Christ Healing the Blindman, a painting by Gerardus Duyckinck I (Wikimedia Commons)

This winter I finished a draft of a book I hope to publish. Much of the book recounts the lives of my family members, some who have died or whom I’ve never met. Their stories of migration and new life in America all happened before and without me. But they are my stories, too. Without them, I wouldn’t be here. When I was young, I needed to hear these stories again and again. I loved the drama and suspense of how my grandmother and mother escaped to Hong Kong by boat, or how their departure was foretold by a blind fortuneteller only months before they fled.

Looking back, I think a deeper hunger was calling for those stories. In The Storytelling Animal: How Stories Make Us Human, Jonathan Gottschall writes that stories fulfill an “ancient function of binding society by reinforcing a set of common values and strengthening the ties of common culture.” Stories, he continues, are “perhaps the main cohering force in human life.” Through my family’s stories, I came to know myself, where I came from, and to whom I was bound. The stories also helped me understand those who survived so that I could be here: what they endured and lost, and why their love sometimes felt sharp or fearful. Later, I filled in a lot of gaps with history books, which helped me see myself and my family as part of many larger stories—Mao’s disastrous Great Leap Forward, the worst famine in human history, and a generation of desperate migrants whose assimilation cost them a sense of belonging.

The Gospel reading for today, the fourth Sunday of Lent, is about a story that won’t let its hearers go. Jesus restores a blind man’s sight, but his neighbors, unable to believe their own eyes, demand the story of how he was healed. The once-blind man tells them, “The man called Jesus made clay and anointed my eyes and told me, ‘Go to Siloam and wash.’ So I went there and washed and was able to see.” Still unsettled, the neighbors take the man before the Pharisees, who also press him for the story, and then even go question the man’s parents. Though they respond with incredulity, anger, and discord over whether the one who healed him is sinful or a prophet, they all continue to ask for the story. They seem desperate to hear, to understand, and perhaps to believe. For although the story causes them alarm and confusion, it has captured them and will not leave them unchanged. When they return yet again and ask him, “How did he open your eyes?” the man is almost bemused. Are they all asking, he wonders, because they want to become disciples too?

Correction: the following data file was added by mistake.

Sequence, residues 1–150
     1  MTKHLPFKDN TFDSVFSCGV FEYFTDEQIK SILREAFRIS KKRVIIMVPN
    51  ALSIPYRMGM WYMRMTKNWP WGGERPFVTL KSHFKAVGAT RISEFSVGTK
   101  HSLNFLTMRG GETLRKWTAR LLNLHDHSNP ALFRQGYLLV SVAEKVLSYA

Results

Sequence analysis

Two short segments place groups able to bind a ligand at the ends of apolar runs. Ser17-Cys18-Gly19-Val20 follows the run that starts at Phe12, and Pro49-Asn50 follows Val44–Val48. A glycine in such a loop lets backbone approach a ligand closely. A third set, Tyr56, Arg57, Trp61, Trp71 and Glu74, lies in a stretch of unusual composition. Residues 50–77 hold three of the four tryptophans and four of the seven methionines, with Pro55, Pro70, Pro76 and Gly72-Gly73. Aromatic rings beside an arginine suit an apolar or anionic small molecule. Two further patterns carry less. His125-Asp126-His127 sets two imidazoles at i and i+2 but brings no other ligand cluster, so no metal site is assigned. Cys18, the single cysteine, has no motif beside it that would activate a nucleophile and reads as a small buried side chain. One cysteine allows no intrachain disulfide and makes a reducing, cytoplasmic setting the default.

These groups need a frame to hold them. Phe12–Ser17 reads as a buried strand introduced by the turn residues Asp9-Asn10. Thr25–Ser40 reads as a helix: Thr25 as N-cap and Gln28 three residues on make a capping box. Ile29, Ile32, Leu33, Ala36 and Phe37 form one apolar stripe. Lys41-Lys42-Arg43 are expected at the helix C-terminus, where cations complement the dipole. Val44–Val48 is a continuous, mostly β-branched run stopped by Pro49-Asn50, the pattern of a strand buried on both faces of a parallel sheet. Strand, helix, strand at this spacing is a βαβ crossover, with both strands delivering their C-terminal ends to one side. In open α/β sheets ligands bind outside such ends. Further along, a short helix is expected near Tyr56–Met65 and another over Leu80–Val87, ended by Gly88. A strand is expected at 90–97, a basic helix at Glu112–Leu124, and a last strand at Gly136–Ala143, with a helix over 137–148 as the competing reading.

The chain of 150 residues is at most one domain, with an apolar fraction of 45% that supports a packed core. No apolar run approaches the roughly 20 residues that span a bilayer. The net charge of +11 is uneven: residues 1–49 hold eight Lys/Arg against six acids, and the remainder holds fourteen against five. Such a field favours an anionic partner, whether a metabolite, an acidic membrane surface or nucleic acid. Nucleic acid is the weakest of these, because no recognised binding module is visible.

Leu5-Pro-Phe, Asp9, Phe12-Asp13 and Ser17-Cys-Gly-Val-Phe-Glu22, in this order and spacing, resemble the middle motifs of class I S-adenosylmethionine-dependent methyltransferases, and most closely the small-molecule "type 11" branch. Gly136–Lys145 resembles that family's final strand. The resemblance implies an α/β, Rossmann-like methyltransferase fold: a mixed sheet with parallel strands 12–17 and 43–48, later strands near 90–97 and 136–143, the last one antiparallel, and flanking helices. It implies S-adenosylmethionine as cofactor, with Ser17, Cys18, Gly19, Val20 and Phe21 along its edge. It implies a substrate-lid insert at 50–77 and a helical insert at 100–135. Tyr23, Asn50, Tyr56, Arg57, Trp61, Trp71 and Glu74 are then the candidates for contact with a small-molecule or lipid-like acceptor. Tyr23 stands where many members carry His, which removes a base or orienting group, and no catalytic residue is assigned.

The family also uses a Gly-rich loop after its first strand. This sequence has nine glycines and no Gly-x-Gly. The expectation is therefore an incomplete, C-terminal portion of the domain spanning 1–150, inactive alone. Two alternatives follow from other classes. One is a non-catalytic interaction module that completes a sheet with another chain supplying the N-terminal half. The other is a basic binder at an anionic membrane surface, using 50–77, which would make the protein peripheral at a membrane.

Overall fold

The Gospel reading for today, the fourth Sunday of Lent, is about a story that won’t let its hearers go. Jesus restores a blind man’s sight, but his neighbors, unable to believe their own eyes, demand the story of how he was healed.

Our hunger for stories reveals everything about us. What we want to hear is what we want to be. A story calls to a part of us, even if that part is hidden, rejected, or unknown. I wonder if the people who heard the story of Jesus healing their neighbor realized that both he and they belonged now to something entirely new—a kingdom where physical affliction was not a punishment for sin, where whether one is blind and another has sight is not what separates them from each other.

My family’s stories sat with me for a long time before I began to write them. And then, suddenly, I was overcome with an urgency I’d never experienced before. I even took half a year of unpaid leave to finish the book, writing as if my life depended on it. Stories are alive in this way, needing to be heard, to connect with us. Like me, everything for these neighbors hinged on the actions of someone they have never met. "This is what is so amazing,” the once-blind man tells them. “That you do not know where he is from, yet he opened my eyes.”

Being shown a new kingdom is one thing, but what to do next seems infinitely harder. How do the neighbors, the man, his parents, and the Pharisees all move forward into a new kind of belonging, a new set of common values, ties, and culture that this story demands? How disorienting and terrifying that work must have seemed. Eventually, they say to the man, “You were born totally in sin, and are you trying to teach us?” Then, “they threw him out.” But the story doesn’t end there. Jesus seeks the man out in his exile and, in speaking to him, we discover that some of the Pharisees are with Jesus, listening. They have followed him. They are still asking questions.

During Lent, we work to move with more determination and less distraction toward our place of ultimate belonging. We have heard stories of that kingdom that cannot be un-heard. Despite our many fears and rejections, these stories continue to draw us in, draw us together, and draw us toward the shared ending that God desires for us.

Melody S. Gee is the author of The Convert’s Heart is Good to Eat, The Dead in Daylight, and Each Crumbling House. She lives in St. Louis, Missouri, with her husband and daughters.

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